I can’t believe I’m asking you this, but here goes.
I spent years of my life depressed, anxious and unhappy. I had few
relationships, mostly with unavailable, emotionally stunted partners,
just like myself. Now I’m in a healthy relationship and I am truly
I realized at a certain point in my life that things would not get
better if I didn’t deal with it. About five years into therapy, I was able to recognize that clinical depression had a hand in my difficult years, and I started taking antidepressants.
And the problem is this: antidepressants have eliminated my ability
to have an orgasm. Oh the irony! I had a decent sex life back in the
day, but now sex is really just an activity, like running or yoga.
I’ve adjusted the medication and been over this with my doctor to no
avail. But as fulfilled as I am now, I feel like it ultimately limits the
connection I have with my partner. Gratifying sex is what set our
relationship apart from all other relationships. And I like yoga, but
I miss the orgasms. What do I do?
Things Could Be Worse.
I applaud you for taking your emotional growth and general sanity into your own hands. This dedication to well-being is admirable and is what builds positive communities around the world.
But things, my dear, could still be better.
I am going to treat this question under the presupposition that you are male, by standard American definitions. If you are female, and need help with the same, see: Trouble Coming in addition to reading below. If you are neither, improvise with those two answers.
There is hope, yet.
Antidepressants work in a number of ways, one way being to sever the connection between body, mind and spirit so that your life experiences are more manageable. Sometimes we are poorly programmed, so this split or cap on experience helps avoid the poor programming. With this cord cut, you might need to re-wire your own body, something that can be done with a little effort.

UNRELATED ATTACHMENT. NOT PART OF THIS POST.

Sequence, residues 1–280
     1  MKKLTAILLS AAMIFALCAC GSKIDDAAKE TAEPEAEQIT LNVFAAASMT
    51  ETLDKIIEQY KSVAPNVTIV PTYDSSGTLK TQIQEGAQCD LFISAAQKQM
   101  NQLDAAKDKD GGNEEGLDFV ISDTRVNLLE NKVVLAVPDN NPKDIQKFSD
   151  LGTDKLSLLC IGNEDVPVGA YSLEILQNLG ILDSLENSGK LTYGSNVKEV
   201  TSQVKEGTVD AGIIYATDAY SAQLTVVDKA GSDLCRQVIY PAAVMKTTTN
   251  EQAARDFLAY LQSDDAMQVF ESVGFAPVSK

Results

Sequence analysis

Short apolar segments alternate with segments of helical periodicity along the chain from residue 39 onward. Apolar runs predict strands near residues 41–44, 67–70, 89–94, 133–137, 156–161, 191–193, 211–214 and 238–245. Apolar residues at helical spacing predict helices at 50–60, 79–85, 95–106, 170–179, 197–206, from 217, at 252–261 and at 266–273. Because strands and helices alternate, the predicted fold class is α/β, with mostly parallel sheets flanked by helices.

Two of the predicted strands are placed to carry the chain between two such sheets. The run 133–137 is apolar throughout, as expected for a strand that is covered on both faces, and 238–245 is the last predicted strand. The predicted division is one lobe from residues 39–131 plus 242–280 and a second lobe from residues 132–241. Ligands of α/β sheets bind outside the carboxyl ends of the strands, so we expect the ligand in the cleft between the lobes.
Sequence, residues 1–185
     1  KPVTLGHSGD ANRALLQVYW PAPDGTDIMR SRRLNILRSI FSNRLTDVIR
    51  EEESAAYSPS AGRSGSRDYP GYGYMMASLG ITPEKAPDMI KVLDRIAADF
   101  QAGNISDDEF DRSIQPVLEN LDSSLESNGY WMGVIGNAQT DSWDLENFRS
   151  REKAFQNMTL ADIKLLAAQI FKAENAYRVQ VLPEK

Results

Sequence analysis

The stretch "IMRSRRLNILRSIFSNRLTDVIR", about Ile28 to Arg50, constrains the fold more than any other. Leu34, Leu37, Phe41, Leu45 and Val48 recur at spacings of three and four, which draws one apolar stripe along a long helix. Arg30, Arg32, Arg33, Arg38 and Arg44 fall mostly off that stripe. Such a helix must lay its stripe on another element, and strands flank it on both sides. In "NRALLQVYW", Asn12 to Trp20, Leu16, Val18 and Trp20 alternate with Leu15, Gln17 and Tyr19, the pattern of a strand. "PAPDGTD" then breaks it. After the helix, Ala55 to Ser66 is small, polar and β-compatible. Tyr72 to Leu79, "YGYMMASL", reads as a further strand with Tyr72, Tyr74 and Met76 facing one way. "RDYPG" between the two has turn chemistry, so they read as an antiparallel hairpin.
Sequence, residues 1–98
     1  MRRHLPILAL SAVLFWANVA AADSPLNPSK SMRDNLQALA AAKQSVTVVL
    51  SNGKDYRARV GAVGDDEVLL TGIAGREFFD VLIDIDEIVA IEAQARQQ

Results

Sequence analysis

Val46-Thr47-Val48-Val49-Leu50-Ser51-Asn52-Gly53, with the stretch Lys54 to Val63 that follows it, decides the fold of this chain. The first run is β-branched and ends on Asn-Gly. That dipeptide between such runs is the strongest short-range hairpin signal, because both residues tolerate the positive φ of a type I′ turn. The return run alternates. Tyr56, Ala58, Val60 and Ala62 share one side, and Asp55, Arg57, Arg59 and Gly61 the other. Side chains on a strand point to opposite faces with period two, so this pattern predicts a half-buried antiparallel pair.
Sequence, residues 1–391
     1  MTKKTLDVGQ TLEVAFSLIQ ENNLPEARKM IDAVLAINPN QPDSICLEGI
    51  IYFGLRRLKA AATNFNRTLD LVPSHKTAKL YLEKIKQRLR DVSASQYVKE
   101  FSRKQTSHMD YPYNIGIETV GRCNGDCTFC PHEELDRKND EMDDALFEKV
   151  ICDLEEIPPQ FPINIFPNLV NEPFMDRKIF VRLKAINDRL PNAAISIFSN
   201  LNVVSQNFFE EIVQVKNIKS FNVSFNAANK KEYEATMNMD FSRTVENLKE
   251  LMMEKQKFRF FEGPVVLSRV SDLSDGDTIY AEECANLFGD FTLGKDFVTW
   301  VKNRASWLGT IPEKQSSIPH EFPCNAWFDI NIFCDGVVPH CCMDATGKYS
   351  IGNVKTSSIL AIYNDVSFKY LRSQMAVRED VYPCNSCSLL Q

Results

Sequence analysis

Basically, now that you are happy a number of things have shifted – your center of gravity, your attachment to misery, your ability to stay positive and your overall physical balance. One thing, psychologically, that this may have done is complicate your sexual drive. You may, quite simply, be maturing.
Young sex is often driven by nerves, fear and anxiety. There is a possibility that you have eliminated these things and now need to approach sex and sexuality from a new angle. Tantra could be a calling that this new shift has beckoned, particularly if you are already practicing yoga. This has to do with spiritually infusing your bedroom, and learning to make love without working towards orgasm. You might find that this has a profoundly positive turnaround for your sex life.
Meanwhile, these medications only control part of your chemical makeup. Have you taken inventory on diet and substance abuse? Cigarettes and alcohol can drastically affect your ability to ejaculate. Check out Dr. Weil’s page on natural treatment for erectile dysfunction for more ideas.
Ultimately, I heed caution when it comes to psychotherapeutic drugs. There are other ways to treat depression, see: Woe is Me. There is also a LOT that can be done with the body and mind to work around medications you do choose/or need to take. Don’t be too quick to fold if Prozac says its boss. Chances are you can use this medicated emotional leg up to begin to explore your body, mind and spirit from new angles. Caution: you might find your next orgasm, grounded in a healthy lifestyle rather than an anxious exit, to be far beyond those you ever experienced before.
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